'A Time of Inclusion'

January 19, 1995

Parris Nelson Glendening, the 59th governor of Maryland, delivered an inaugural address yesterday that was part uplift, part classroom lecture and part personal philosophy. He presented a vision for Maryland that focused on individual cooperation and responsibility, family and education.

These have been persistent themes in Mr. Glendening's life. He overcame extreme poverty to become the youngest Ph.D. in political science in Florida State history. He taught for 27 years at College Park. He had a remarkable political career, without a defeat, in Prince George's County over two decades. And he has remained tenaciously and sentimentally committed to his wife and son -- and to the notion of preserving a normal family life despite the demands of public service.

Yet the paramount theme of his first speech as governor centered on reaching out to everyone. No one, he indicated, would be excluded. He quoted the poet Edwin Markham:

He drew a circle that shut me out --

Heretic, rebel, a thing to flout.

But Love and I had the wit to win:

We drew a circle that took him in.

That is very much the Glendening approach. "Today we draw OUR circle," he told the crowd outside the State House. "Today we begin an era of unity, we begin a time of inclusion."

While his predecessor, William Donald Schaefer, thrived on conflict, Governor Glendening is a determined consensus-seeker. He has started to demonstrate this in forming a broadly based cabinet. He reiterated his priorities yesterday -- more jobs, safe streets, better education, a protected environment -- but made no sweeping promises of government action. Instead, he reminded Marylanders that improvements are more a matter of personal commitment. Schools won't change markedly until "teachers, parents, business people, entire communities join with us to make it happen."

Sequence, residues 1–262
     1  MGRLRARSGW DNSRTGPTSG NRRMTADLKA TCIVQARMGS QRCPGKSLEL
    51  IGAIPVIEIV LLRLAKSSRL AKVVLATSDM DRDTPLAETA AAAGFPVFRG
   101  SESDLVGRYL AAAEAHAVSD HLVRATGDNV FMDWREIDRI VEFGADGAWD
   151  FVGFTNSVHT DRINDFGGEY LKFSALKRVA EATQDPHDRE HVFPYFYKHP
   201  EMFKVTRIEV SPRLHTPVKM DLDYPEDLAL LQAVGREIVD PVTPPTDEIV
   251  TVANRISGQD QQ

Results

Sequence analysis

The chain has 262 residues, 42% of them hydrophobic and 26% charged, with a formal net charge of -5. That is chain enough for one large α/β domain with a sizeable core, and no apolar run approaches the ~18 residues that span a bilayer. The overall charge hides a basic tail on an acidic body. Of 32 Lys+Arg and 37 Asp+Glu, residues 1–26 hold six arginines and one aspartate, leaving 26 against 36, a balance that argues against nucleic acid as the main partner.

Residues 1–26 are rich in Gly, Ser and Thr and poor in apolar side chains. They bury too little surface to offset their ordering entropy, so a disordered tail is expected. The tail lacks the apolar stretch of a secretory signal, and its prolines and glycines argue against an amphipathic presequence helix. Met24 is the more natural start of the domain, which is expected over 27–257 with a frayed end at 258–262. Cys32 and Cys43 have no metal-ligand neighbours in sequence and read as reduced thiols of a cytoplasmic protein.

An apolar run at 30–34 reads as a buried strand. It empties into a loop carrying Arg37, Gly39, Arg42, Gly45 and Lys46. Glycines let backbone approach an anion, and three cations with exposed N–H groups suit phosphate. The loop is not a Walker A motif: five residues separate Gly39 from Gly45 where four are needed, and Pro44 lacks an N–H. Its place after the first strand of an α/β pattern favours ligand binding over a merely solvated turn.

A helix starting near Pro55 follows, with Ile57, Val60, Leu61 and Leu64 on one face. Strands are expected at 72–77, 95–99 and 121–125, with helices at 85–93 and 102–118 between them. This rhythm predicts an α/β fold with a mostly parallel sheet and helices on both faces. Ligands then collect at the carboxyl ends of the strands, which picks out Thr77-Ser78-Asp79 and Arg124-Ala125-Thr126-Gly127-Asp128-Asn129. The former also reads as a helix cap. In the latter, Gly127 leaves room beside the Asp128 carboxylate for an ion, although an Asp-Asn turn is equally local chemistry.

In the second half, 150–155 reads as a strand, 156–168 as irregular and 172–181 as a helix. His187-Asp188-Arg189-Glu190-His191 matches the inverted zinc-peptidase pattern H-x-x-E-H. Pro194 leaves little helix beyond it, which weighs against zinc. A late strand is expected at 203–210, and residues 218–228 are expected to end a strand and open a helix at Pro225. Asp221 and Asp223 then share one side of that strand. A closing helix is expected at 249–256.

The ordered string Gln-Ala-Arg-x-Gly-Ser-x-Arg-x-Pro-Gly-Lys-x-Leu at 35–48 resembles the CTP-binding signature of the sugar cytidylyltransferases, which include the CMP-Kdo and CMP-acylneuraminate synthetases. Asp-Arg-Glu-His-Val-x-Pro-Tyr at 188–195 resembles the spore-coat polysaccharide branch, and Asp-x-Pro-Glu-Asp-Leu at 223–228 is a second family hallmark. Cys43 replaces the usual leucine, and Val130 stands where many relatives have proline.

Well-paying jobs won't flow into Maryland until "we recognize that business creates wealth, and opportunities, that meaningful work provides real independence and hope, that employees have community responsibilities that transcend the paycheck" -- and that business and labor must work together to create jobs.

The new governor talked of Maryland being able to "fly higher than an eagle" if there is an understanding that statewide needs, like family needs, supercede personal and regional desires. And he reflected on what past governors had achieved: Mr. Schaefer proved "that government service can be driven by compassion for people." Harry R. Hughes gave the state "dignified leadership" and a focus on environmental protection. Marvin Mandel modernized Maryland government.

Now it is Governor Glendening's turn. He will lay out specifics of his first-year plan tomorrow and next week. He set the tone for these endeavors yesterday. "In this age of cynicism I want to earn your faith." His quest has begun.

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